Guanacos are critically endangered in Bolivia and Paraguay. Perhaps 220 remain in both countries, where they are threatened by habitat loss and poaching. A Feb. 26 Mongabay.com article details efforts to conserve the species in the vast Gran Chaco region.

White-lipped peccary range in Mexico and Central America has shrunk by as much as 90%, suggests a new study in ScienceDirect. “It’s shocking . . . how fast this population is declining compared to the last assessment,” Harald Beck, chair of the IUCN Peccary Specialist Group, told The New York Times on Feb. 19.

Monarch butterfly populations wintering in Mexico are down by more than half this year. A survey reported on Mongabay.com on March 20 found that during the 2019-20 winter the butterflies occupied just seven acres (2.8 ha) of forest, a 53% decrease from the 2018-2019 season, when monarchs covered 15 acres (6 ha).

African hippos in South America—pests or replacements? When cocaine kingpin Pablo Escobar was shot dead, in 1993, four hippos he’d imported were left behind in a pond on his ranch. Since then, their numbers have grown to an estimated 80-100 and the animals have expanded into the country’s rivers. A new study in Proceedings of the National Academy of Sciences challenges the view that these are invasive pests that should not run wild, pointing out that the hippos restore the ecological traits of native species that were exterminated thousands of years ago.

 

Europe

Frontline Dispatches - EuropeWildlife in the Netherlands has halved in 30 years, mainly due to pollution by agricultural nitrogen. The World Wildlife Fund reported in February that birds, butterflies and some reptiles have all but disappeared in heathlands and agricultural areas. Yet areas where nitrogen compounds have been reduced showed a 24% growth in animal populations, with nuthatches, wood owls and marsh tits making the most successful comebacks. Affected areas can recover if farmers switch to more environmentally friendly practices.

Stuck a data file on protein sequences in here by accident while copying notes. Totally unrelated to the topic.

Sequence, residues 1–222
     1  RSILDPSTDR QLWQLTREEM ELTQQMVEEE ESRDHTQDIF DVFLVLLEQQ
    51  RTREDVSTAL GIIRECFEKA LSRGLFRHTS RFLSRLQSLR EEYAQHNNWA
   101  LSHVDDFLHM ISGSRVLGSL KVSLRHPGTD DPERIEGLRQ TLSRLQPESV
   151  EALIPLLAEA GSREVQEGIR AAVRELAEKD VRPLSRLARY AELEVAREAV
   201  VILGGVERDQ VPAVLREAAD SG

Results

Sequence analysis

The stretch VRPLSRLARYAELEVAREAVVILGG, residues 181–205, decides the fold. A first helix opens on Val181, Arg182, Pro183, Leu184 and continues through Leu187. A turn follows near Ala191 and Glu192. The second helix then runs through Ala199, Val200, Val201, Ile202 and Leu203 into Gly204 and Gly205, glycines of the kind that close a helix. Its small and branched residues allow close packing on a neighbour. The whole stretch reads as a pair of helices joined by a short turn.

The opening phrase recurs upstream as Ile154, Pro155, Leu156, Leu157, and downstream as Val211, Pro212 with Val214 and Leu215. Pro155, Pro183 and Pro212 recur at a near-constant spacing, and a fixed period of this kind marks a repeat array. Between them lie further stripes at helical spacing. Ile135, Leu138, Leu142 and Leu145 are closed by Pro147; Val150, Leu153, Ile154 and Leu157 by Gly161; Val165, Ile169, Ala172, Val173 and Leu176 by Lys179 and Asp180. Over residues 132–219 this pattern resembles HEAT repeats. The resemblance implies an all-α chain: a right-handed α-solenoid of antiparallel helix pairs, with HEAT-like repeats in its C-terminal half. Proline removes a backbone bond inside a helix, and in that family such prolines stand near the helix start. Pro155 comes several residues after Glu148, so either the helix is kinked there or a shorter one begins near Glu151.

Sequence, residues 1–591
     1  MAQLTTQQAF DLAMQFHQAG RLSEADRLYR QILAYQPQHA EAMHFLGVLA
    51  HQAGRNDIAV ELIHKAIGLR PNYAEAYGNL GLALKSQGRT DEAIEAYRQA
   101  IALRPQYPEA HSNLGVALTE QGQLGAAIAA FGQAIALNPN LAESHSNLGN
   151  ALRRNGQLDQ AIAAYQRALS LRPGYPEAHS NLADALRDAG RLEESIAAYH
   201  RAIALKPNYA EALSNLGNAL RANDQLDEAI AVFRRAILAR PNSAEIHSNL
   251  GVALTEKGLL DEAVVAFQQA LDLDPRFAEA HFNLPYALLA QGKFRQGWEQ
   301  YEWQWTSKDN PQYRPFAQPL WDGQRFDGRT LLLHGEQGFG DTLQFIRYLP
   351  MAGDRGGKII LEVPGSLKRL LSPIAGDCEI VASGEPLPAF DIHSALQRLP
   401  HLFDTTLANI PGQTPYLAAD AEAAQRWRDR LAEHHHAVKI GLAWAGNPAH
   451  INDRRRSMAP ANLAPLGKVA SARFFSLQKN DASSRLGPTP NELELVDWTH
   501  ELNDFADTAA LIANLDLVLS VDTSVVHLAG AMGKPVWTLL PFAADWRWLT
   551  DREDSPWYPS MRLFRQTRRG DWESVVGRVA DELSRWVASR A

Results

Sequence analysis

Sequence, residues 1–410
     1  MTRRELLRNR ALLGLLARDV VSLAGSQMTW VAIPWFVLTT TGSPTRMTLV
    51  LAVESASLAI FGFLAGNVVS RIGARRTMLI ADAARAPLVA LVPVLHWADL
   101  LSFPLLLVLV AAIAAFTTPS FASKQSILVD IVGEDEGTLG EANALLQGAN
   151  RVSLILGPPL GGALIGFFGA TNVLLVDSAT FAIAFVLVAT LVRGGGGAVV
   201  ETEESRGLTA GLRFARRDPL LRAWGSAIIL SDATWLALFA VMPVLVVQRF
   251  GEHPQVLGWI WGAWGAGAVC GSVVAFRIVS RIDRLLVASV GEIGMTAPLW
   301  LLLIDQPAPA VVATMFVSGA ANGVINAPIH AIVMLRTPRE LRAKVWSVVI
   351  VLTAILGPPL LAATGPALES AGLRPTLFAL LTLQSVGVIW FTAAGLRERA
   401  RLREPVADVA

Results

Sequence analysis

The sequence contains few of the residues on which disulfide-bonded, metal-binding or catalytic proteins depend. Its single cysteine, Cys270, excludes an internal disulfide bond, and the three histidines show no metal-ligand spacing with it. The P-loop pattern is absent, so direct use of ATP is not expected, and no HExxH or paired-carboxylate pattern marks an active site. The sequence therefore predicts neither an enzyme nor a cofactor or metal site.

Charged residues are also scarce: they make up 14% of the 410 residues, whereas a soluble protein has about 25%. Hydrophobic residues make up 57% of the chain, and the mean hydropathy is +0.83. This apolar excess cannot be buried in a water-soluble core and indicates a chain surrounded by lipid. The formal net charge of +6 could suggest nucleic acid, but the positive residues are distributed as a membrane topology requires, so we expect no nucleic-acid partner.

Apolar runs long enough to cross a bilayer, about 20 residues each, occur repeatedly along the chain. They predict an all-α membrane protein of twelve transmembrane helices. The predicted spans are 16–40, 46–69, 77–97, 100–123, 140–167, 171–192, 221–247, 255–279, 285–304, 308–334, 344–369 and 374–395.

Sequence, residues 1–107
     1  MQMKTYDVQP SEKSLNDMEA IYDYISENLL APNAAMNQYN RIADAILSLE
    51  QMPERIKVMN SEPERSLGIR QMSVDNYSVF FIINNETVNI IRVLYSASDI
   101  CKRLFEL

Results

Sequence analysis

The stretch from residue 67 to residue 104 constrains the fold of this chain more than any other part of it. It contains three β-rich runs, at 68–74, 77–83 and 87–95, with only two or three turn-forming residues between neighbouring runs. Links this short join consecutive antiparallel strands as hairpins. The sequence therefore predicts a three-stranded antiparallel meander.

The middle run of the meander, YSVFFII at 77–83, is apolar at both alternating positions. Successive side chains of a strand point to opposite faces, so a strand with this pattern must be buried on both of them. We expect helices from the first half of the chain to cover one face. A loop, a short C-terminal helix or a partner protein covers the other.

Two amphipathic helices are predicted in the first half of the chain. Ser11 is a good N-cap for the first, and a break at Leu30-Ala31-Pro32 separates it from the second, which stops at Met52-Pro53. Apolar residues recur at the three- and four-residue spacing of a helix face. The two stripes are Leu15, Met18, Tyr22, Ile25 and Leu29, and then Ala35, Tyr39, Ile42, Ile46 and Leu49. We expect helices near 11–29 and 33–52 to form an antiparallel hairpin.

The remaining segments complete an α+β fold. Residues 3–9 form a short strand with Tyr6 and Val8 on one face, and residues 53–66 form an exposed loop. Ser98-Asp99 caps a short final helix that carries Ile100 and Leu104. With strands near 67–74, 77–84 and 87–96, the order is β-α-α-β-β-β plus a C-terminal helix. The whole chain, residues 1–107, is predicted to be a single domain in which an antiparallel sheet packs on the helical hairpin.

Kai-Uwe Denker, past president of the Namibian Professional Hunting Association, told EU parliamentarians that habitat loss is the world’s biggest conservation challenge, and that sustainable, ethical conservation hunting contributes significantly to habitat protection. Denker’s presentation was in Brussels on February 20.

Fishing & hunting expos continue to draw crowds in Europe. The largest one, Germany’s Jagd & Hund, drew 82,000 nature lovers, hunters, anglers and working-dog and falconry aficionados. Jagen & Fischen, also in Germany, reported 37,600 visitors and Hohe Jagd & Fischerei, in Austria, attracted 44,000 people. The culinary sections of these exhibitions—with star-rated chefs demonstrating ways to prepare wild game and fish for the table—are increasingly well received.